Section 8131 prohibits people from registering “a domain name that consists of the name of another living person, or a name substantially and confusingly similar thereto, without that person’s consent...”

Section 1125 includes as a purpose of the bill to “protect the public from registration of domain names that include the personal names of government officials, official candidates, and potential official candidates for Federal, State, or local political office in the United States, and the use of such domain names in a manner that disrupts the electoral process or the public’s ability to access accurate and reliable information regarding such individuals...”

According to Frush, the website violates both statues.

Richardson also said the site violates the precedent from Roach v. Richardson, the case over Richardson’s voters pamphlet statement brought earlier this election season by Roach. In that decision, the judge struck down three words in Richardson’s statement, forcing him to be very specific about sanctions leveled in January against Roach by the Republican caucus, saying that as a candidate, he should be held to a higher standard.

“You chose the domain name, posted Mr. Richardson’s picture, and created content purporting to be written by Mr. Richardson for the express purpose of confusing the public with misinformation,” the letter states.

Clifford said one of the sections cited in the letter, 8131, also includes a sentence that the domain may not be registered in someone else’s name for the purpose of selling it for profit, something he said he has no intention of doing.

Roach also denied that her campaign had any affiliation with the site.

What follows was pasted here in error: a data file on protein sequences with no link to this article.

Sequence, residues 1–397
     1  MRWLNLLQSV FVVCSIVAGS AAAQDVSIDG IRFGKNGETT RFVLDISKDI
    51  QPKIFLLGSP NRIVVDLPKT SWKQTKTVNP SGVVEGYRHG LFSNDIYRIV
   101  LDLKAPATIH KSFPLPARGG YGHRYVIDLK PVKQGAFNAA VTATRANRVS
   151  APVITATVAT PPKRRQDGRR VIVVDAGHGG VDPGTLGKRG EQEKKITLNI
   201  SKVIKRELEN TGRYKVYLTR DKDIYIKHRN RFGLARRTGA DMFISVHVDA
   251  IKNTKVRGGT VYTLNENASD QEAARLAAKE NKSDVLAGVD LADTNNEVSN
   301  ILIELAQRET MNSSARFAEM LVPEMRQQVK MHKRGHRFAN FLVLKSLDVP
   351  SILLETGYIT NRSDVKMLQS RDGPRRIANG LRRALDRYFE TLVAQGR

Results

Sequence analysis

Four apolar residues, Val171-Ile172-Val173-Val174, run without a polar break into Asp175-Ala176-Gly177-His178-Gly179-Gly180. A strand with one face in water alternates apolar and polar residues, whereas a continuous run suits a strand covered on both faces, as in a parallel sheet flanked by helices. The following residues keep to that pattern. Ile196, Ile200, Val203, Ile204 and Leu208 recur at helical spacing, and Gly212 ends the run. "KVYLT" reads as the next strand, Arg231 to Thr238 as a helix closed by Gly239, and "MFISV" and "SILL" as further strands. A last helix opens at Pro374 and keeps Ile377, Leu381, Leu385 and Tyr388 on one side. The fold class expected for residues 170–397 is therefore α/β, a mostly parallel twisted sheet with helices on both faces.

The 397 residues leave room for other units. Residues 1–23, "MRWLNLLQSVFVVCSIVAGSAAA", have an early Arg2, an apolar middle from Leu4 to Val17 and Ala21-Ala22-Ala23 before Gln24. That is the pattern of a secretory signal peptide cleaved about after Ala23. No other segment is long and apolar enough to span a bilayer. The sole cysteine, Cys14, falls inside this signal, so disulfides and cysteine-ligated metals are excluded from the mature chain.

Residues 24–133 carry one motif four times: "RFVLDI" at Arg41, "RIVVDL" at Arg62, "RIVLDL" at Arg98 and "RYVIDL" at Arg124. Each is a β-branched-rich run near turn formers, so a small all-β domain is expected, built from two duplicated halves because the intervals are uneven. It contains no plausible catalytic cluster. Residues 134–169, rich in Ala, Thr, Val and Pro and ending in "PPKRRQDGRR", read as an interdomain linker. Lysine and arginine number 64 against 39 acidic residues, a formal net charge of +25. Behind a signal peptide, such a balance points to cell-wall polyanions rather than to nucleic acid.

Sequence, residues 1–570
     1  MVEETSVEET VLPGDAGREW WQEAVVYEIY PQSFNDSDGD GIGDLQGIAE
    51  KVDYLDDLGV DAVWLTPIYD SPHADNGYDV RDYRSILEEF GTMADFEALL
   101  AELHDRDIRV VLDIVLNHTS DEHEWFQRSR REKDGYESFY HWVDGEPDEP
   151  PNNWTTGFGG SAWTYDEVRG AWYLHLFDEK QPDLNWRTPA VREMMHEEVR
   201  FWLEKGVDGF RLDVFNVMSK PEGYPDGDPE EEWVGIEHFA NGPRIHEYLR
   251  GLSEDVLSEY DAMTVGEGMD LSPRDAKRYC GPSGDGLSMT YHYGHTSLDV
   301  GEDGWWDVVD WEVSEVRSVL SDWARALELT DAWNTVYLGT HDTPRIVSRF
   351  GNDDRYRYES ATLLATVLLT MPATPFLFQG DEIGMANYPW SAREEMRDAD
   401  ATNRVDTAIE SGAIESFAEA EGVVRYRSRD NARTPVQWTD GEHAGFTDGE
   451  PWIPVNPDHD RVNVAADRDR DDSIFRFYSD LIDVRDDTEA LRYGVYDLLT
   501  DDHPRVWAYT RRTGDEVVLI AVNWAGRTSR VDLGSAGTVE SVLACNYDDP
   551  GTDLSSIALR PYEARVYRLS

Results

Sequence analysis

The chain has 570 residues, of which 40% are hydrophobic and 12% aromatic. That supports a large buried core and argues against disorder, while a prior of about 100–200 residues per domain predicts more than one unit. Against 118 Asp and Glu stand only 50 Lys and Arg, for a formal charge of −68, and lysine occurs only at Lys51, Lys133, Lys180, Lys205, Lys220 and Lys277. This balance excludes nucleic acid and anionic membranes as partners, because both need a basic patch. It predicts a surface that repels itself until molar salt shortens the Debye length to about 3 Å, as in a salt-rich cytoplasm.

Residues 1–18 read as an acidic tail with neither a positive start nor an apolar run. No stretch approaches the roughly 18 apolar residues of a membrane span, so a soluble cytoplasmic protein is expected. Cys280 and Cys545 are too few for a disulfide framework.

“No, we certainly don’t,” she said Monday. “But I’m glad it’s there.”

Roach said she had visited the site twice and appreciated that someone is making the information available.

“People have a right to know who has designs on representing them,” she said.

Richardson said he and his attorney are currently check on the IP address, unique sequences of numbers given to computers to allow others on a network to communicate, but “It appears as if there’s a connection to Pam Roach.”

“We are prepared to bring lawsuits on several fronts but wanted to serve Pam and her campaign notice in the hope we can start talking about the issues the people of our district care about,” he said.

Clifford said the site was designed to show a “pattern of conduct” on behalf of Richardson and that it also falls under the “parody” protection because no one could “reasonably” think that Richardson said the things he is purported to have said.

“Obviously Matt doesn’t like the joke,” Clifford said.

Richardson said though the law provides for civil damages in these matters, his primary concern was simply having the site taken down so the campaign can continue.

“I want the law to be observed and to get this campaign back to talking about issues,” he said.

As of press time, the website was still accessible.